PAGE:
Fill a small saucepan (just about large enough to fit the eggs) with water. Bring to a boil. Add the eggs to the water one at a time, carefully, with a large spoon so they don’t hit the bottom and crack. Boil gently for 12 minutes. (I decided not to adopt the method Michel Roux uses in his book Eggs, which starts the eggs in cold water. However I have taken note of his advice to make sure the water boils gently, in order to avoid rubbery whites.)

Meanwhile, chop the herbs very very finely.

Once the eggs are cooked, strain the boiling water and add lots of cold water so they cool quickly.

Peel the eggs. Slice each in half lengthwise, carefully scoop out the yolks, and place them in a plate or shallow bowl.

Mash the egg yolks thoroughly with the mayonnaise, vinegar, finely chopped herbs, a pinch of salt, and a grind of black pepper.

With a small spoon, scoop the yolks back into the egg whites as neatly as possible.

At the very last minute, sprinkle a pinch of paprika on each egg.

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Cuban bread

20 March 2012

In his New Complete Book of Breads, Bernard Clayton doesn’t elaborate on this bread’s name; he does, however, call it “… a beginner’s dream.” And adds “Often I have used it in baking classes to demonstrate the ease with which good bread can be made.”

He might also have pointed out that this handsome bread is just the right measure of dense and chewy on the inside, with a soft but assertive crust on the outside, and that the rising time is only 15 minutes, which means the bread can be made from start to finish within an hour and a half, which is pretty great if — like me — you leave bread making to the last minute.

I first made it last September, realizing there was no bread in the house a bare ninety minutes before guests were to arrive for brunch. The name had also caught my eye and indeed it complemented well the baked eggs with cherry tomatoes, basil, and dash of balsamic vinegar I was serving that day.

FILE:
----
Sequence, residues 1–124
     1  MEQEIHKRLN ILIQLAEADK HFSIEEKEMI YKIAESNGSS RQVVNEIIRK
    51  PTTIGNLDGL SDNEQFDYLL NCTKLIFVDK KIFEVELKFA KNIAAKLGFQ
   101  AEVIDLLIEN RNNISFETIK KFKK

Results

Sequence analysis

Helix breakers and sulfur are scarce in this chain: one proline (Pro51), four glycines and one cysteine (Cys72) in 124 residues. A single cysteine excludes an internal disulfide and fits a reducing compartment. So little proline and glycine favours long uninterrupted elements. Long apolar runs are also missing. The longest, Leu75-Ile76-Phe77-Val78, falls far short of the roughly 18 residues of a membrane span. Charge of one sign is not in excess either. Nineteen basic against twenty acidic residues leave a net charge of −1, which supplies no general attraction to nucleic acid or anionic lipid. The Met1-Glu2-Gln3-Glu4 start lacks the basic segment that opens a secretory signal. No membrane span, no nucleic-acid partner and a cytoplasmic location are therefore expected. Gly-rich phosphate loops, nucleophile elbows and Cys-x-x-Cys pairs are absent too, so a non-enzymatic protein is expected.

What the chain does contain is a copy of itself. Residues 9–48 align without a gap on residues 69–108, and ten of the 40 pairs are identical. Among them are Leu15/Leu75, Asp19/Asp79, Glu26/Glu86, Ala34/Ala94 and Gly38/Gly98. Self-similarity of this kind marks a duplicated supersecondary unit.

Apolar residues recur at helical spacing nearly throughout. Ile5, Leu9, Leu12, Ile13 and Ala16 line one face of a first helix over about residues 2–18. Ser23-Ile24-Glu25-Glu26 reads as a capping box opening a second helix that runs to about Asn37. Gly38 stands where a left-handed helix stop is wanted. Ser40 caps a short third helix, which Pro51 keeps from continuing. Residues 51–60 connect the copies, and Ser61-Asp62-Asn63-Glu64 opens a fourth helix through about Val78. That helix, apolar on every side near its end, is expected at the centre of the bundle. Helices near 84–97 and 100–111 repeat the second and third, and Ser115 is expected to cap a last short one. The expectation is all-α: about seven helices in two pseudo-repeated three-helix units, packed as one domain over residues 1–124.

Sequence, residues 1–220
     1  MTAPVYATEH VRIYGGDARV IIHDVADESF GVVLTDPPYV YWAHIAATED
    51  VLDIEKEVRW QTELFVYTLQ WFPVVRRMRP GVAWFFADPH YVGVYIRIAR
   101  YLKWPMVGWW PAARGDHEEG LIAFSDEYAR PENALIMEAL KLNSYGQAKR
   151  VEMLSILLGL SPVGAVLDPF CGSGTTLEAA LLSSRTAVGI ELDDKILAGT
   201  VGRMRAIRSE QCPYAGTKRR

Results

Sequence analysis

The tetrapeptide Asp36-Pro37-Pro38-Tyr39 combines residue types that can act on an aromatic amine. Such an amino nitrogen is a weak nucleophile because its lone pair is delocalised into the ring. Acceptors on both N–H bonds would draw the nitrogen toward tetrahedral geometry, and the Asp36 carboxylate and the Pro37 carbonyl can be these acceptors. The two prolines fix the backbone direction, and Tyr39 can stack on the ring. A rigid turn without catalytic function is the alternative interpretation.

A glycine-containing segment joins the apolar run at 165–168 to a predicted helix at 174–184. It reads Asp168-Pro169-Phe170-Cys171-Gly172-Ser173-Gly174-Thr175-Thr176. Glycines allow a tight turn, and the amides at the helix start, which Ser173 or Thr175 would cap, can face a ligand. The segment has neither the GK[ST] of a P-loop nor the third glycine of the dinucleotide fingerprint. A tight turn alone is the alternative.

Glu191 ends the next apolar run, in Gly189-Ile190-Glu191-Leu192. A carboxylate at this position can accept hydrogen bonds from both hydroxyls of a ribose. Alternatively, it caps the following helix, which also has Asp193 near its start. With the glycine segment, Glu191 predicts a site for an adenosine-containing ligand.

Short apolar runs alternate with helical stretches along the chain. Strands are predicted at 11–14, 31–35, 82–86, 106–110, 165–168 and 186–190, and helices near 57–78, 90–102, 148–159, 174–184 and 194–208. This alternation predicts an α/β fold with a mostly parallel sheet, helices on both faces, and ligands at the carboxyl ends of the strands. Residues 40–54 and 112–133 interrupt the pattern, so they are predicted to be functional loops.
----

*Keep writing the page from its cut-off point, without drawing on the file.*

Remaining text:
Back then I hoped this sudden baking impulse would set the tone of a home-baked-bread–filled year, and perhaps even lead to realizing the sourdough fantasy I’ve been chasing.

Well, there hasn’t been much bread baking in the interim, let alone a sourdough adventure. Not a single loaf, in fact, until I baked this same Cuban bread for brunch again recently. It was well complemented, this time, by fried eggs with sautéed leeks and mushrooms atop grilled polenta (or that was the intention — the reality wasn’t quite so neat, but delicious nonetheless).

Happy spring!

***

From Bernard Clayton’s New Complete Book of Breads

5 to 6 cups white flour

2 packages yeast

1 Tbsp salt

2 Tbsps sugar

2 cups hot water (120°-130°F or 50°-55°C)

Sesame or poppy seeds (optional)

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Prepare a baking sheet lined with parchment paper.

Place 4 cups of flour in a large bowl, add the yeast, salt, and sugar, and stir until they are well blended.

Pour in the hot water (using a thermometer is best here because if the water is too hot the yeast won’t work its magic, but, in the absence of such a device, a very unscientific gauge for right temperature is to place the little finger into the water and slowly count to ten. The water should feel quite hot at the end but below burning).

Beat with 100 strong strokes, or for 3 minutes with the flat beater of a hand mixer.

Gradually work in the remaining flour, half a cup at a time, until the dough is no longer too sticky and can be shaped into a ball. Kneed the dough for 8 minutes by hand on a floured work surface or in a hand mixer with a dough hook until it feels smooth, elastic, and “alive.”

Shape into a ball in a greased bowl and let the dough rise in a warm place until it has doubled in size, about 15 minutes.

Punch down the dough, separate it into two equal parts, and shape each into a smooth round. Place onto the parchmented baking sheet and cut an X on each loaf using a sharp knife. Brush with water and sprinkle with sesame or poppy seeds if desired.

Place the baking sheet with the loaves in the middle of a cold oven and place a large pan with hot water on a grate below, and heat oven to 400°F (200°C). **The bread will continue to rise in the oven as it is heating.**

Bake for about 50 minutes, until the bread is a deep golden brown. To check for doneness, knock on the bottom crusts; the loaves should sound hollow.

Let cool before slicing.